21 September 2018
The “Social Opera” project comprises the preparation of the opera performance titled “Phoebe Hicks”, based on the fragments of Agnieszka Taborska’s works, by the inter-generational Black Dwarf’s Social Choir – from writing the libretto, preparing costumes, music, make-up, choreography, to its advertising and giving performances. The integral part of the project will comprise activities aimed at developing the competences of very young people, adults and the elderly (the largest group): vocal exercises, physical exercises, dance classes – all of those not only in order to give the performance in a professional way, but also to develop key social competences: self-confidence, openness, imagination, taking care of one’s physical and mental well-being, the ability to establish long-lasting relations or active participation in decision-making processes. Another important feature of the project will be giving the performance in the towns and villages having no access to national culture. The documentary showing the whole process, which is going to be shared free of charge, will become the added value.
Subsidized from the fund of the Ministry of Culture and National Heritage, from the Culture Promotion Fund.
Cardinal Stefan Wyszyński Primary School in Kruszyn – 10/11/2018, 6 p.m.
The Chopin Centre in Szafarnia – 10/20/2018, 5 p.m.
The New Palace in Ostromecko – 11/03/2018, 6 p.m.
Cardinal Stefan Wyszyński Primary School in Kruszyn
The Primary School of Kruszyn is situated in a historic palace, built in the eclectic style by the end of the 19th century, precisely in 1882. The building was funded by the German Colonization Committee, in the place of former knights’ court, originating from the times when Kruszyn belonged to the owners of Strzelewo – the Bniński Count’s family. By the end of the 19th century, Kruszyn was purchased by a buyer named Wekwart, who later resold the aforementioned property to the Colonization Committee, which, having significant funds coming from the French contribution after the 1870/71 war, used it to erect the building which was supposed to become a school and teachers’ and Protestant pastor’s accommodation. On the 1st of September 1924, the Protestant German school was transformed into a Polish paritetic school according to the regulation issued by the Poznań School District. During the war, in the school’s building, there were the barracks for the female work force. Throughout that period, the school’s building became considerably damaged. The educational activity was restored on the 11th April 1945. In 1991, a general renovation of the school started. Its first stage included changing the windows, ceilings and the roof. The attic rooms were transformed into classrooms. Finally, in 1996, the decision was made to reconstruct the whole building and additionally, to build a gym by the school. The entire investment was realized in 1999.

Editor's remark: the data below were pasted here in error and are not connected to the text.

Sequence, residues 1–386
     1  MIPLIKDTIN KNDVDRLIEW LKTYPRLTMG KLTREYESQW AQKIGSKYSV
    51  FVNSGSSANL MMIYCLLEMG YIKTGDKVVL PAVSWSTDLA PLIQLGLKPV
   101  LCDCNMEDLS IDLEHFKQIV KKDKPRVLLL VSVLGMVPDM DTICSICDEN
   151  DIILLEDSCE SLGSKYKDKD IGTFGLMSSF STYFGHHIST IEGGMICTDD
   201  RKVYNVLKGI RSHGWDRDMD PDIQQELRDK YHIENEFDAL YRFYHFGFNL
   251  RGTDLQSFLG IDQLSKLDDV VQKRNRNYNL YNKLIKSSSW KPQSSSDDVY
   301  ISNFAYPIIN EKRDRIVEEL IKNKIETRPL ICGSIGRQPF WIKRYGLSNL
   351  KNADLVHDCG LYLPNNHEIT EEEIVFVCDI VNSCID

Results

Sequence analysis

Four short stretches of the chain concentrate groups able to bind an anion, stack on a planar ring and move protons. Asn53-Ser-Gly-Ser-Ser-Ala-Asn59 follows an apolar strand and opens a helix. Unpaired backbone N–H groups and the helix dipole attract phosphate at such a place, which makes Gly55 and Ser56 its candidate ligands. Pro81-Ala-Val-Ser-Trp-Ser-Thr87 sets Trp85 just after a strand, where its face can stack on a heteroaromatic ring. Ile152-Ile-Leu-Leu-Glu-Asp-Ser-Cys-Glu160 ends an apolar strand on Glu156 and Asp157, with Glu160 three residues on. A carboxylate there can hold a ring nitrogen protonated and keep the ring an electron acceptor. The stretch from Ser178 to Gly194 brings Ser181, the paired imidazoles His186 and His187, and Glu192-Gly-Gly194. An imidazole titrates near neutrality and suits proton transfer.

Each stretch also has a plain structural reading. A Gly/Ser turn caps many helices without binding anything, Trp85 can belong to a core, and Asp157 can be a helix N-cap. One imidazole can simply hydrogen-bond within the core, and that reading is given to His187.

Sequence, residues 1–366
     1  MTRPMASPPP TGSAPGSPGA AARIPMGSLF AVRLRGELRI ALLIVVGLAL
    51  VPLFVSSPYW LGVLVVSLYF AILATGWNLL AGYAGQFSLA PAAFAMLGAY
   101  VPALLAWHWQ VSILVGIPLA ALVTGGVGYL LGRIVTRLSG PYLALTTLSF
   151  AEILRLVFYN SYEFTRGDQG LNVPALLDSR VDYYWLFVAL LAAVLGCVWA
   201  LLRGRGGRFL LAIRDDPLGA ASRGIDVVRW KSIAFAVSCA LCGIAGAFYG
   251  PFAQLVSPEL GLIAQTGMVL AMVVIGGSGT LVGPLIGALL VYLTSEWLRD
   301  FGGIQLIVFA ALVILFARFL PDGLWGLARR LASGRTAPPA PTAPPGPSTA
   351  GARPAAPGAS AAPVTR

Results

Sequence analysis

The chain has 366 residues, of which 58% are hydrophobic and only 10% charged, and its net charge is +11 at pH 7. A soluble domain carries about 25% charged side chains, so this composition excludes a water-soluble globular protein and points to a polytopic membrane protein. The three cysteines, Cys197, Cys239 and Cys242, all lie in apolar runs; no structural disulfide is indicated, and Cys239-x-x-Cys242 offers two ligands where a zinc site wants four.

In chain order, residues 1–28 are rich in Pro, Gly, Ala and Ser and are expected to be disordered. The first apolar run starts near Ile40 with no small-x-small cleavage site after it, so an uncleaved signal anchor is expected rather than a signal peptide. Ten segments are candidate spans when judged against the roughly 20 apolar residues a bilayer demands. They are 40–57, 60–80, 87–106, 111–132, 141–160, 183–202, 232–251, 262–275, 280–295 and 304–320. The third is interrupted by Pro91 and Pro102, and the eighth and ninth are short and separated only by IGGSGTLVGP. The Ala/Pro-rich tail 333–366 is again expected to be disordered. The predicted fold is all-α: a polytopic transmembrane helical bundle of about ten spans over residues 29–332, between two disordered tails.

The Chopin Centre in Szafarnia
A classicistic court from the second half of the 19th century. A two-storey brick building, built on the plane of a rectangle, with two risalits from the garden’s side and a four-storey tower by the northeast corner. The entire building was covered with flat, four-gable roofs. The interiors lost their style due to their being adapted for serving hotel functions. The current court was most probably built in the years 1854-1880, from the funds of the Karwat family – Aleksander or Lucjan Florian (most probably using the walls of the previous building). In 1949 the Hall of Memory of Fryderyk Chopin was opened in the palace. In the years 1957-1977 the hall was called The Fryderyk Chopin Musical Lounge. In 1979 there was a fire in the building, due to which in the years 1980-1988 the functioning of the centre was put on hiatus. In September 1988 it was reopened, this time under the name of the Fryderyk Chopin Culture Centre in Szafarnia.
The mansion in Szafarnia, once the property of the Dziewanowski arms-bearing Jastrzębiec family, played the host to young Fryderyk Chopin twice, during the holidays [in the years 1824-1825]. It is also possible that Fryderyk’s father, Mikołaj, also worked there as a tutor.
The New Palace in Ostromecko
The New Palace is part of the park-palace complex, formerly belonging to the Schönborn family, and in the years 1890-1945 to the von Alvensleben family. It is a building (Pałac Nowy, New Palace, German Neues Schloss) built in 1849, designed allegedly by Karl Friedrich Schinkel, commissioned by Jakub Martin Schönborn. In 1912, an additional neo-baroque wing with a ballroom and garden terraces was built. After 1945, in the palace there were a school and a dormitory for deaf children, which contributed to some major devastation of the property (historic parquets were covered with tiles, the walls – with plywood wainscoting, fireplaces were bricked up and stuccos were covered with several layers of oil paint). After 1990, the winery and the rooms: ball, golden, orange, green and the Italian parlour were restored. The palace is surrounded by a 36-hectare English-style scenic park (oak trees, hornbeams, larches and chestnut trees), designed by a Prussian gardener.